Foreign children could languish in Syrian camps for decades, warns NGO
The children of suspected foreign fighters held in camps in northeast Syria could be stuck there for 30 years if repatriations continue at the current rate, Save the Children has warned.
There are more than 25,000 children at al-Hol and Roj camps, and it is more urgent than ever that foreign governments repatriate their citizens, the charity said on Wednesday.
"Children have been stuck in these terrible camps for at least three years now - some even longer. At the rate foreign governments are going, we will see some children reach middle age before they are able to leave these camps and return home," said Sonia Khush, Save the Children's Syria response director.
'The longer children are left to fester in Al Hol and Roj, the more dangers they face'
- Sonia Khush, Save the Children
According to the charity there are some 18,000 Iraqi children and 7,300 minors from 60 other countries at the camps, which the Red Cross has described as a "tragedy in plain sight".
Save the Children said at least eight minors were murdered in al-Hol camp in 2021, while many others died from illnesses contracted from dirty water, poor sanitation, and the dire healthcare available.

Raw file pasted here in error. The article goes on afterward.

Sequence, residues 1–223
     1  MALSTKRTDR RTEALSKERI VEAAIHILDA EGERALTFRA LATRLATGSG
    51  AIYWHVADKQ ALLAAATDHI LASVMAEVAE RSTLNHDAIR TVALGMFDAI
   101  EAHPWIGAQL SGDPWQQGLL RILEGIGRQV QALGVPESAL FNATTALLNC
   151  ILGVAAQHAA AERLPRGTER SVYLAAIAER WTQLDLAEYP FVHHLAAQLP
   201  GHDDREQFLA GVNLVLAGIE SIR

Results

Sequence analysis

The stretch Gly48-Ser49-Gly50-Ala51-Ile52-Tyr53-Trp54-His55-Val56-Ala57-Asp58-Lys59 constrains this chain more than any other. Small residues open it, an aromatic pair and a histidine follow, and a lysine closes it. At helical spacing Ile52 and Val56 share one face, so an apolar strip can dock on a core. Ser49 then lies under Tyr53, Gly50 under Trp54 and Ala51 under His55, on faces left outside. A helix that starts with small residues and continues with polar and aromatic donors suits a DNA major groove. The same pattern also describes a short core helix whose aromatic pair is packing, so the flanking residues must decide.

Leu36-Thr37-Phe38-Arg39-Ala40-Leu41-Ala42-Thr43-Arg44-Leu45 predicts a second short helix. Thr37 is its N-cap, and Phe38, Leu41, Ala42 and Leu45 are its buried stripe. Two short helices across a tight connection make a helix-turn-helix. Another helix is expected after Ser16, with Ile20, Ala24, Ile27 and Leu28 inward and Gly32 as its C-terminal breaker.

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"The idea of me remaining here for years to come drives me crazy," said Heba, a 12-year-old from Tunisia, who has been living in the foreigners' camp at al-Hol with her mother and four siblings for more than three years.
"I wish I could yell to make my sound heard in Tunisia. I sometimes cry just to let it out."
'Take responsibility and bring them home'
Since the fall of the Islamic State's self-styled "caliphate" in March 2019, Syria's Kurds and the United Nations have repeatedly urged foreign countries to repatriate their nationals held in northeast Syria.
Humanitarian and human rights organisations have also raised concerns about conditions in the camps that have led to the avoidable deaths of hundreds of babies and infants.
But most western countries have refused to repatriate their nationals. Calls by Kurdish officials for the formation of international tribunals for the fighters have also been overlooked.
"These children have done nothing wrong, yet instead of being free to be children - to go to school, play, live in safety and have access to decent shelter, healthcare, nutritious food and clean water - they are trapped in these squalid conditions thousands of miles from their homes, and put at risk on a daily basis," said Khush.
The US has so far repatriated 28 citizens - 12 adults and 16 children - from the camps in Syria, and has prosecuted, or is currently prosecuting, 10 of those adults.
Most European Union member states and other western countries, including the UK and Canada, have so far largely failed to implement policies to bring home their nationals, although some have repatriated children, mostly orphans, on an ad-hoc basis.
The UK has brought back a small number of orphaned children of its citizens - but has refused to consider any still accompanied by their families.
"Of course these processes take time, but every extra minute spent is a minute too long for children living in desperate conditions," said Khush. "The longer children are left to fester in al-Hol and Roj, the more dangers they face. When will leaders take responsibility and bring them home?"
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